What a difference a month makes.
On 1st July, we had 16 players. All those offered new contracts had signed on – including Dom Gape after leaving us hanging for an eternity – Alex Pattison had arrived as our first signing of the summer, and there was hope that a couple of loanees and another free agent or two might come in. But we still had about as much meat on the bones as a three-quarters-devoured rack of ribs. Even with the aid of the brilliant 500 Club, what kind of a squad were we likely to be able to assemble? Gareth was still here, but, in hindsight, all his staying really did was turn ‘We’re fucked’ into ‘We’ve got a fighting chance of scraping survival’. But little did we know what was going on behind the scenes.
31 days ago, out of the gloom – it was there, we were just trying our best to suppress it – came a glimmer of light. The Trust announced that they’d agreed a deal in principle with Rob Couhig to become a minority shareholder.
A lawyer and businessman with existing sporting interests in his native New Orleans, the 70-year-old was already somewhat known in English football after an unsuccessful takeover attempt at Yeovil in May. That raised questions, just as it had done with Bill Luby and Jim Collis before – particularly about why an American entrepreneur was interested in little old Wycombe Wanderers. Were fans right to be apprehensive about a shift back towards outside ownership? Yes. The Hayes saga had given us all a scare. Should we have still gone in with as open a mind as possible? Yes – and we’re seeing just why.
There’s a brilliant interview with Pete Couhig – Rob’s nephew who’s come on board with his financial consulting expertise – in the latest episode of Bean With The Shot (from 2:53 below). In it, he describes how they came to the club largely because they had full confidence in those on the footballing side of things; they would leave them to it and take care of the business. Four-and-a-bit weeks, EIGHT more signings, an improved ticketing system, a repaired big screen, burgers that are designed to be edible, and a new beer tent later (I’ve probably missed some things), the clouds have cleared and the ‘Couhig effect’ is shining brightly upon us.
Wycombe Wanderers Football Club needs outside investment; the Trust have made that abundantly clear. As I’ve said before, there are those who’ll remain stubbornly opposed to such a concept, no matter what benefits and opportunities it brings, but hopefully they’ll be few and far between come the big vote, so as not to have any bearing on the outcome and scupper a possibly great future for the club. We are a League club and it must stay that way. Barring things going horribly pear-shaped in the meantime, it has to be ‘yes’ to a majority share.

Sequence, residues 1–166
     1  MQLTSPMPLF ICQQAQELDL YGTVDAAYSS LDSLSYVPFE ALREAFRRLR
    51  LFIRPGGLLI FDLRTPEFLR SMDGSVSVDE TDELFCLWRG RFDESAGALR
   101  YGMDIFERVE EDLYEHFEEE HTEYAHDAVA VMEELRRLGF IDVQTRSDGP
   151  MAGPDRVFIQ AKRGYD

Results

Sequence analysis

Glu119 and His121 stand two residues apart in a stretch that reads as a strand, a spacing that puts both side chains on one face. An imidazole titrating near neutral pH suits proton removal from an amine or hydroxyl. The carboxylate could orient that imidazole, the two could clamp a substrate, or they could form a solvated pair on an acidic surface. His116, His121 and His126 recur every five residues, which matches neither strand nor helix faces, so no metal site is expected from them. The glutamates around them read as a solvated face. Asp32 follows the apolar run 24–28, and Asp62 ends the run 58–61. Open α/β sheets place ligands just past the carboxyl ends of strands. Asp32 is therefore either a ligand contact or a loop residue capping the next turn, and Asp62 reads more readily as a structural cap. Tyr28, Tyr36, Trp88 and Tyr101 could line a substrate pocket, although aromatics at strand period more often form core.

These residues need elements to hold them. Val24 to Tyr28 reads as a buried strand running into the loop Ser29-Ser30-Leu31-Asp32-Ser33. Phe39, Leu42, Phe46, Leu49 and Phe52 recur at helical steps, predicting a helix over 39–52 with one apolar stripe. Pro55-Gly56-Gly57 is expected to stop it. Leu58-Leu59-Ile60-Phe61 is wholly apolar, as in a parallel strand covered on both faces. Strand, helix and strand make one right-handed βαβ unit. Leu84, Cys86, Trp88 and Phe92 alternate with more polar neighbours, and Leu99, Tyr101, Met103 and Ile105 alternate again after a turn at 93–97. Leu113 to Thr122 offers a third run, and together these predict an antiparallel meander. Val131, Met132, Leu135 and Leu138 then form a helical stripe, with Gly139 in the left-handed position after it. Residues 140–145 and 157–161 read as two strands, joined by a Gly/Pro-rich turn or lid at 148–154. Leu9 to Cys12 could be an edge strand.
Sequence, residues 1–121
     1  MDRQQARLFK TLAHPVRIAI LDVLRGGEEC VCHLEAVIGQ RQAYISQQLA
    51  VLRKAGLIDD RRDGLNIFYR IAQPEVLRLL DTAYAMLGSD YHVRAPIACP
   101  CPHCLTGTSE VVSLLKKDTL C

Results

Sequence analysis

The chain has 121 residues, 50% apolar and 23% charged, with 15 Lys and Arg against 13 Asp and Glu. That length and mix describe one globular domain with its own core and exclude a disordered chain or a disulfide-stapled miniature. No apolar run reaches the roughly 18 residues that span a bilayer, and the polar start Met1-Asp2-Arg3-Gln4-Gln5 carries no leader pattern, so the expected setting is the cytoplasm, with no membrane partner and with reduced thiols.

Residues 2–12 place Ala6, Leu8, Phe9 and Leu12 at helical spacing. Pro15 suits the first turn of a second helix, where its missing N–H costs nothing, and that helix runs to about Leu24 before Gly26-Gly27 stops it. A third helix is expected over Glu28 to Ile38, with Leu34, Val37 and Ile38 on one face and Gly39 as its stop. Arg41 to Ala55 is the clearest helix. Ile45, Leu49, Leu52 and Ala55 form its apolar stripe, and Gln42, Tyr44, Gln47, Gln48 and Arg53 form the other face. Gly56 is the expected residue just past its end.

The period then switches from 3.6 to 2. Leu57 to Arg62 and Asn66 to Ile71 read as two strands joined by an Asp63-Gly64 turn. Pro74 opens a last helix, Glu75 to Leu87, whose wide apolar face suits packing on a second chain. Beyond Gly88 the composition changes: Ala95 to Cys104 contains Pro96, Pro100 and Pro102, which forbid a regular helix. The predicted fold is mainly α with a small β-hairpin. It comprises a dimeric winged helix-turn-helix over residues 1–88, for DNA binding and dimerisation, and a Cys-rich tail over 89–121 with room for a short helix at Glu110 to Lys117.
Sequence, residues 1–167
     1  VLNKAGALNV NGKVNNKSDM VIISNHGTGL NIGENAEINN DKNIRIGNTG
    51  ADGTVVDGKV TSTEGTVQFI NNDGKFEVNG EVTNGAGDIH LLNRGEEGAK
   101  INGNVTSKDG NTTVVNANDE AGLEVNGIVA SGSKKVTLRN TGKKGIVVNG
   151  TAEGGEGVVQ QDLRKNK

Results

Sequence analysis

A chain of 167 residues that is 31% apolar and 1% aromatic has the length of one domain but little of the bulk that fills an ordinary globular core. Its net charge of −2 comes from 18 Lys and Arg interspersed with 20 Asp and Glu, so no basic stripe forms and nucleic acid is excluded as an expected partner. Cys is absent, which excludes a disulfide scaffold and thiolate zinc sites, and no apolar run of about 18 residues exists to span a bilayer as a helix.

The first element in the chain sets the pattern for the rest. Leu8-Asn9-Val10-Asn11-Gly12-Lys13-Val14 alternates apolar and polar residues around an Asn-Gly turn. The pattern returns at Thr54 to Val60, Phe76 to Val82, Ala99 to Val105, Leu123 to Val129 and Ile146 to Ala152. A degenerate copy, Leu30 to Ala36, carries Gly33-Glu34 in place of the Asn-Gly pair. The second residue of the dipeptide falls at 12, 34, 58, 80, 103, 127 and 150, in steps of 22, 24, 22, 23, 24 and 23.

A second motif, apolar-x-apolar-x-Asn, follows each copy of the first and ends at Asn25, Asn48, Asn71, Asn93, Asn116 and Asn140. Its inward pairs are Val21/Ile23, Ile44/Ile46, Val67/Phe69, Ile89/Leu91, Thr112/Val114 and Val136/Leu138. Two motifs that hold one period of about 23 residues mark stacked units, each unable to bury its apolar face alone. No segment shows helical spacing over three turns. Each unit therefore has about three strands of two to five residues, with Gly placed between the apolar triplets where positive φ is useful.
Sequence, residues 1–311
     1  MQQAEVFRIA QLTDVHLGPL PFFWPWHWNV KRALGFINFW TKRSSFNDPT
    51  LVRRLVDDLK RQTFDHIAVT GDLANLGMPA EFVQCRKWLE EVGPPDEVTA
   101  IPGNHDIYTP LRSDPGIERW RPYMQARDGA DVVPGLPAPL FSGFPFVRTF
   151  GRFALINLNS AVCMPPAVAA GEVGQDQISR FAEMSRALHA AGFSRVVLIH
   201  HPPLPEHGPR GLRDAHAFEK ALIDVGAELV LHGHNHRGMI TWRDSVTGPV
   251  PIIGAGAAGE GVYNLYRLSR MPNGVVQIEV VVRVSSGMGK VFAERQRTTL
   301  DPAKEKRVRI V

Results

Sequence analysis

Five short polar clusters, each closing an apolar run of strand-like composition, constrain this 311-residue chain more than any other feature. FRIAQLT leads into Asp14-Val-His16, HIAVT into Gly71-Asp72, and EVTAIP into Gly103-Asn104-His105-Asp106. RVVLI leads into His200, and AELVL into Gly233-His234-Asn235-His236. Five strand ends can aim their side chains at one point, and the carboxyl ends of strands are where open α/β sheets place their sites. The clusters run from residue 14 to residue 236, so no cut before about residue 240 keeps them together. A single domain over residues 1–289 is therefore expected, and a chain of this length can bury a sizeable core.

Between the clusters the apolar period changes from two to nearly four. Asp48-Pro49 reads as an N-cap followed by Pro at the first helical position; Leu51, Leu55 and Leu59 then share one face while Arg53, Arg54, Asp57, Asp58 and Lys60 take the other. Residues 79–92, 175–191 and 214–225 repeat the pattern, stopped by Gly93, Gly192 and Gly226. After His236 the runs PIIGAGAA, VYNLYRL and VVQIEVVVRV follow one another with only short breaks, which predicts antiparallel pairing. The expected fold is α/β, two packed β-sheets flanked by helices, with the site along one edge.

We shouldn’t get carried away by the, let’s be honest, seriously impressive initial impact, but who are we to assume the worst? Leave the new guys open to criticism, sure – no one in any position of significance is above it if and when it’s necessary – but how anybody could not be even slightly convinced of their worth by now is beyond me. It might be hard to keep your feet on the ground, but you’re well within your rights to let your head skim the clouds. In spite of our recent successes, we Blues fans haven’t had it all that easy of late. Obviously we’re in a far, far better position than numerous others in the Football League, but [best Megan Rapinoe voice] WE DESERVE THIS.
Who’d have thought even a few weeks ago that supporters would have been heralding the start of the new campaign with giddily positive forum posts such as this? Who’d have thought we’d be able to stick seven new names on the wage bill? Who’d have thought we’d be vehemently opposing the perennial pre-season naysayers with more justification than we’ve had since goodness knows when? Half the reason the feel-good factor enveloping the place feels so good is because it was so unexpected.
This is just the dawn’s early light of the Couhig era – which, all being well, it will officially become in the not-too-distant future. There’s a way to go yet, but imagine what the twilight’s last gleaming could look like.
Anyway, for now, on the pitch, let’s get this show on the road!